Ethnic militia killed 18 civilians in DR Congo

People internally displaced because of the ongoing civil conflict in DR Congo so far in 2020 People internally displaced because of the ongoing civil conflict in DR Congo so far in 2020 AFP

10 March 2022

Eighteen civilians in eastern DR Congo were killed by an armed group that claims to represent the interests of the Lendu ethnic group

For several years an ethnic conflict in Congo forced the people of the Ituri province and neighboring North Kivu to live in violence and fear. The Lendu and Hema communities have a long-standing feud that started in 1999 and led to thousands of deaths before the 2003 intervention by European peacekeeping forces.

The two provinces of eastern DR Congo are roamed by several armed groups, many of which are a legacy of two regional wars that caused more than 5 million victims at the end of the 1990s. In 2017, hostilities resumed after the emergence of CODECO (the Cooperative for the Development of the Congo). CODECO is a political and religious sect demanding Lendu ethnic group dominance.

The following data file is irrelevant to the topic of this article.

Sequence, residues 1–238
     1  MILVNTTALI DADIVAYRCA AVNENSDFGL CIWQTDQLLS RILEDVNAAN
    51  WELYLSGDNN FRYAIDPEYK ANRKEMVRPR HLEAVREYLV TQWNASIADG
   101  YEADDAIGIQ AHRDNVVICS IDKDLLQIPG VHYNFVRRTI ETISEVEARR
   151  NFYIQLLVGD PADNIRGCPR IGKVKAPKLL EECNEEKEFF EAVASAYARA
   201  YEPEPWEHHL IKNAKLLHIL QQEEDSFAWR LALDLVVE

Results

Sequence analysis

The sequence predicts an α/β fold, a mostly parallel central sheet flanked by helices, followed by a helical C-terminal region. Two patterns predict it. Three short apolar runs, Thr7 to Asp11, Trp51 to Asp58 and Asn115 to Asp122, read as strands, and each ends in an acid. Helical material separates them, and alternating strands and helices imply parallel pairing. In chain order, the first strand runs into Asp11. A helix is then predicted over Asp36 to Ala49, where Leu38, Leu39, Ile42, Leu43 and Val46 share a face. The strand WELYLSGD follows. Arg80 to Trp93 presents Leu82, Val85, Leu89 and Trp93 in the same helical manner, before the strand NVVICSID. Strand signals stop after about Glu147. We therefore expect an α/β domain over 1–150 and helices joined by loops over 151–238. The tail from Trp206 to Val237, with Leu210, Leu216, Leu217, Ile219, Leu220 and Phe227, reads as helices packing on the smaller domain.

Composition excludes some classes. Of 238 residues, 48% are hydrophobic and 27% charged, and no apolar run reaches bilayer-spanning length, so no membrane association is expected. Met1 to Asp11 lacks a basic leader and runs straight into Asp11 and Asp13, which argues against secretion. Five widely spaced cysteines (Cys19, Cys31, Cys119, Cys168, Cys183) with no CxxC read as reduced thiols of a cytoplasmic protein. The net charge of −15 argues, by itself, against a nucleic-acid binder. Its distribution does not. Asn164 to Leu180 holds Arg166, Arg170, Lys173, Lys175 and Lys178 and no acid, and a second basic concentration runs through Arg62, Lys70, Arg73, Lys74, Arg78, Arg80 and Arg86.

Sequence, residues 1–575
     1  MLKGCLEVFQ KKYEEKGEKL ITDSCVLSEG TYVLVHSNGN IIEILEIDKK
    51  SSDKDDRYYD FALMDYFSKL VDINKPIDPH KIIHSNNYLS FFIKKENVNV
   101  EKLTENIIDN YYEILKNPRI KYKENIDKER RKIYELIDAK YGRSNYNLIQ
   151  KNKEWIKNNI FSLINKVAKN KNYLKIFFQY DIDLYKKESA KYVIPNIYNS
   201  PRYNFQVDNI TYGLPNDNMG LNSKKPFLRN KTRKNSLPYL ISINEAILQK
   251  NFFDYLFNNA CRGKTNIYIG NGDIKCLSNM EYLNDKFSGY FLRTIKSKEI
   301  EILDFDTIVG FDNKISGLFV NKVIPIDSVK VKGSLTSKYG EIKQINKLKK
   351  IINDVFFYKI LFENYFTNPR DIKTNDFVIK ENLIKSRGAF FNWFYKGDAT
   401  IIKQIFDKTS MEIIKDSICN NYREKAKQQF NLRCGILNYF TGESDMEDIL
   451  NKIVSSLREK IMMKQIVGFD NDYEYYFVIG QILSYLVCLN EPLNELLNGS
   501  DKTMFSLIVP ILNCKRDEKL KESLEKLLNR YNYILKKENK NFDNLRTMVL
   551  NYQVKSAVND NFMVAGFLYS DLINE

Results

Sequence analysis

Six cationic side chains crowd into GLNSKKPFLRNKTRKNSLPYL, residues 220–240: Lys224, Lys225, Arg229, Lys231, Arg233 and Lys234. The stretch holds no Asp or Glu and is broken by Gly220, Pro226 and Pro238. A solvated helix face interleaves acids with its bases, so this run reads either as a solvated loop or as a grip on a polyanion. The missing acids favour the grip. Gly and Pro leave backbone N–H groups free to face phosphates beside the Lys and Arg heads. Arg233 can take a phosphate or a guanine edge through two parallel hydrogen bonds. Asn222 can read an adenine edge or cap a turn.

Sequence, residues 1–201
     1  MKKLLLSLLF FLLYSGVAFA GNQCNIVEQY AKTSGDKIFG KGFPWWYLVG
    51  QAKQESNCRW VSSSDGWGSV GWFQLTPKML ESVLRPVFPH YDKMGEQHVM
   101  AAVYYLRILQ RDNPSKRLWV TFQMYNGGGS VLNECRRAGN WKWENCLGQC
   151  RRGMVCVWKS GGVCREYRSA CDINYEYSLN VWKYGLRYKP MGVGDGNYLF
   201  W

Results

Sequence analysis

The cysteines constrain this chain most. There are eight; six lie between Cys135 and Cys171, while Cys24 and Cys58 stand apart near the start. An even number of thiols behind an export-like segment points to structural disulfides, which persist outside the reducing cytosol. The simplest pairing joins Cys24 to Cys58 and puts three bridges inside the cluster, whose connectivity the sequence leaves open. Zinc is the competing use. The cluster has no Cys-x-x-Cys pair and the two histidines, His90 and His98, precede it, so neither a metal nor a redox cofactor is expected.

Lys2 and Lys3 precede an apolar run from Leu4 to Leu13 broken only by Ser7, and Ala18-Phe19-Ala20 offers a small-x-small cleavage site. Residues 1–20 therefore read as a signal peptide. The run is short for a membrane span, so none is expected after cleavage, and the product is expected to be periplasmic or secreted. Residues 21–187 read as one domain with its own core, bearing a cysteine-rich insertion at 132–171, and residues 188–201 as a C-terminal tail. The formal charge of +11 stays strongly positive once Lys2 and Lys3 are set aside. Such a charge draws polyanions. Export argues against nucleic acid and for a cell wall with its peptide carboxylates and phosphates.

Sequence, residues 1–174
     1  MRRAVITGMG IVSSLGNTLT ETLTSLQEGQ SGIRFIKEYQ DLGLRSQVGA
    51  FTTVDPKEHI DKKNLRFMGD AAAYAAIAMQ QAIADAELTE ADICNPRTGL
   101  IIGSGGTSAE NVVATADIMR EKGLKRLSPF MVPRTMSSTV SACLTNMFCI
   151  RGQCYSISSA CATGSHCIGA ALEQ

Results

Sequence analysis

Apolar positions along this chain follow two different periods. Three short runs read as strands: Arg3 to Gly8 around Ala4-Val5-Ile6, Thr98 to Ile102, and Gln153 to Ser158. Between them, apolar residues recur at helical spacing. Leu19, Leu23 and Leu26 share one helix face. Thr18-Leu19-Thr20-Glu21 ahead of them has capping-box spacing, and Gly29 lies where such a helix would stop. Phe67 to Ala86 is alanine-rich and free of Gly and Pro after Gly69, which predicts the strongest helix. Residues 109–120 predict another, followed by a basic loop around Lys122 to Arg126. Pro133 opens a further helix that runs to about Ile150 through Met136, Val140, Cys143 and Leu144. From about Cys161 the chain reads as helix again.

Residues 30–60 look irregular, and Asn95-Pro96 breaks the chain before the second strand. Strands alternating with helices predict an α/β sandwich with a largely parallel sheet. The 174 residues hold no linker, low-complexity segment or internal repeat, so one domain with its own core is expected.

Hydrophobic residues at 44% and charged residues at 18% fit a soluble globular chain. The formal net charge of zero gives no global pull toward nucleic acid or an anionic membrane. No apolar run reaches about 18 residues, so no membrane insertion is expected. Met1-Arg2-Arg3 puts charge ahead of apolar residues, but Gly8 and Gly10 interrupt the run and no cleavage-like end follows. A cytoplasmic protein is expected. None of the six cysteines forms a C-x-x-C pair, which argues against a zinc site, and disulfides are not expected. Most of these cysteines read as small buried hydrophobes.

Around 5:30 am on 8 March, in the village of Kilo, in the Ituri province, CODECO attacked a church building where around 1,000 displaced people had taken shelter and had fled from another massacre in the nearby village of Matongo.

“They started to fire their weapons and we holed up in the house. They entered one of the apartments where displaced people were sleeping…after they left, we found 12 bodies”, declared an official in the Catholic church. Then, he reported that they killed another four people and fatally wounded two othersThese areas of DR Congo are deeply troubled provinces that were placed under a “state of siege” last May. Furthermore, on 16 February, CODECO detained eight people, including a general, who had been sent by the President Felix Tshisekedi to try to negotiate a peace deal. According to the Danish Refugee Council, CODECO attacks have already caused hundreds of deaths and led more than 1.5 million people to flee their homes, while half of the region’s population faces food insecurity.


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Author: Francesca Geuna; Editor: Vito Quaglia

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